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Meet Wes Zirkle, The Newest Addition to Our Indy Team

by Gutwein Law

We’re just going to say it: we’re picky. So, when we started our search for an attorney to join our team in Indianapolis, we took our time in finding someone who had the right mix of skills. The ideal candidate is business-savvy, detail-oriented, and widely experienced.

With that criteria in mind, when we found Wes Zirkle, we knew he was a perfect fit for our team and clients, alike.

Wes comes to Gutwein Law with nearly 20 years experience as an attorney representing celebrities, advising Fortune 1000 companies, growing a small business into a global leader in its field, and leading marketing agencies. He bears all the qualities we prize in our people: intelligence, integrity, and a burning desire to help our clients grow. In the Q&A below, Wes explains why he left his in-house past behind, his love for seafood, and more.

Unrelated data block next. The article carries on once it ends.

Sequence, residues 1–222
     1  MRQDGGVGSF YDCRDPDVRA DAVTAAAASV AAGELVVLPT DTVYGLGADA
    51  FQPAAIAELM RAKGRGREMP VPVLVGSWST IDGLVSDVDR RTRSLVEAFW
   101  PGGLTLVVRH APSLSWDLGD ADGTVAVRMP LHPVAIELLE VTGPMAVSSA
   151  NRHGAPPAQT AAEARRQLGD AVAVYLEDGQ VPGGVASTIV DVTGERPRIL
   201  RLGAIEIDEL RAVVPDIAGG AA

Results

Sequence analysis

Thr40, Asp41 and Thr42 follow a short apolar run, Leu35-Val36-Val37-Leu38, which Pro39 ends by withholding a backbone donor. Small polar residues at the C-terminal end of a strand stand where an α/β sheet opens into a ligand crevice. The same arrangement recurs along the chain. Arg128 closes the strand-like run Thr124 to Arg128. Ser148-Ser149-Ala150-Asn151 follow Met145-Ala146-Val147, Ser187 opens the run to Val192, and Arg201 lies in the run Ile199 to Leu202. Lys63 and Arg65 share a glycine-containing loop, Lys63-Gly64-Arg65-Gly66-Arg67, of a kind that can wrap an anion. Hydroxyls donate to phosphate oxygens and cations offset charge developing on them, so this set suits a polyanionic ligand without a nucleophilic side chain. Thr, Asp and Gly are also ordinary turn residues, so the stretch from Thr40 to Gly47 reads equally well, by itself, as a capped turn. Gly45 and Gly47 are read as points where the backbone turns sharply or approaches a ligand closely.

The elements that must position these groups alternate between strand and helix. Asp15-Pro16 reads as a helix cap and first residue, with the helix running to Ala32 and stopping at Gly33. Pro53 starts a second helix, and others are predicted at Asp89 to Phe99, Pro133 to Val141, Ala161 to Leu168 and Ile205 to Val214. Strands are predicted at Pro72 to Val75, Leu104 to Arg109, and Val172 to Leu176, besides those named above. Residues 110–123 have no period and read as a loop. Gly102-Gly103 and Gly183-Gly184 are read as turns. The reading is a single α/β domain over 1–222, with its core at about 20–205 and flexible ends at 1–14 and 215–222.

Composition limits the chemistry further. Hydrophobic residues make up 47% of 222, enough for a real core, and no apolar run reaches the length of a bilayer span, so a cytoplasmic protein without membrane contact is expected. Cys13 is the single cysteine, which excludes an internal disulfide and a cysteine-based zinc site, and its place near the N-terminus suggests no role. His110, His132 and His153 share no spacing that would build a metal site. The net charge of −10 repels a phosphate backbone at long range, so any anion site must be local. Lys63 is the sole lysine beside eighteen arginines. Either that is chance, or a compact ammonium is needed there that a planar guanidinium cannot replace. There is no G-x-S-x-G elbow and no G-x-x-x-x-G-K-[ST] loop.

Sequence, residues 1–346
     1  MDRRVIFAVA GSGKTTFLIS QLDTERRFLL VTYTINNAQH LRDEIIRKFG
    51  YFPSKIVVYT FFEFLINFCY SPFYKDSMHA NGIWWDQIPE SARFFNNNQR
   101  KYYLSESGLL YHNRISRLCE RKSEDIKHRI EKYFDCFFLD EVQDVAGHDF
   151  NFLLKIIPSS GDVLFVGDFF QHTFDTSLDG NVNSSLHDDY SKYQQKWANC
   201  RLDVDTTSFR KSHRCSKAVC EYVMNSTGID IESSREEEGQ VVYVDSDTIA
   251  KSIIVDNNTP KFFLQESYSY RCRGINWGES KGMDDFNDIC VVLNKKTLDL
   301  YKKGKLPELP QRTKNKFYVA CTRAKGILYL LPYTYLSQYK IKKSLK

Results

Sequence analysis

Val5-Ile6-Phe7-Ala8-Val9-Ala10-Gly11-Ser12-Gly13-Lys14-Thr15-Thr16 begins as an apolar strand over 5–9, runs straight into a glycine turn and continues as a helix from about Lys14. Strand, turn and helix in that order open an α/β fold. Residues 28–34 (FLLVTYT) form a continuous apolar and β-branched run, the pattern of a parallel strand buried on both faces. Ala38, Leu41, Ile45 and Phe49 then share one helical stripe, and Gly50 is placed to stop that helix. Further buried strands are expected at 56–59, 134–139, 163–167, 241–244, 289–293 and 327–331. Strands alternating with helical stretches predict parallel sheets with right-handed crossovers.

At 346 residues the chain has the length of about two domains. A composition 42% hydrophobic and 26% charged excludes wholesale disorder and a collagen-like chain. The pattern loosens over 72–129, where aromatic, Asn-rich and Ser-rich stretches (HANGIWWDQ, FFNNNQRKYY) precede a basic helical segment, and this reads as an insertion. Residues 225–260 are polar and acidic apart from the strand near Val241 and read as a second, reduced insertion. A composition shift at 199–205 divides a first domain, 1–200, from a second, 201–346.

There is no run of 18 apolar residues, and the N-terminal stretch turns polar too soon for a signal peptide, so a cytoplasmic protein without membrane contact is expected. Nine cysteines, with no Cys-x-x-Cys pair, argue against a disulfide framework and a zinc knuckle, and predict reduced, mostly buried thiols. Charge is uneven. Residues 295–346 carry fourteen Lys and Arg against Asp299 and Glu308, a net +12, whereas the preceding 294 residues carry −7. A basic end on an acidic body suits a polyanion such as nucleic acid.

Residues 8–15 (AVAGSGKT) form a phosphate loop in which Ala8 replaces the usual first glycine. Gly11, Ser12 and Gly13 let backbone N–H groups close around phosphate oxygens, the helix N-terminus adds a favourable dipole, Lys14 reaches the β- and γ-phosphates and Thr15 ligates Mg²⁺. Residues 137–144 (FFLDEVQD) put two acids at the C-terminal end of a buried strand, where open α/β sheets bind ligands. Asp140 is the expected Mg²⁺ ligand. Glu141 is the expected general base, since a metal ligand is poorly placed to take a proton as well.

First, the basics: Where are you from?

Warsaw, Indiana. But, I was actually born in Landstuhl, Germany (yes, I’m a U.S. Citizen). My father was in the Air Force and babysat missiles for a living, so we moved a lot when I was young. I had a brief stint in Cheyanne, Wyoming before we settled down in the orthopedic capital of the world.

Where did you attend college?

I attended Wabash College. It was suggested by my cousin who graduated from Wabash. My uncle Rich had also been a math professor there. But, those factors didn’t really play a part in my decision to attend. I went on a visit fell in love with it immediately. I actually ended up cancelling my visit at IU because I was sold on Wabash right away.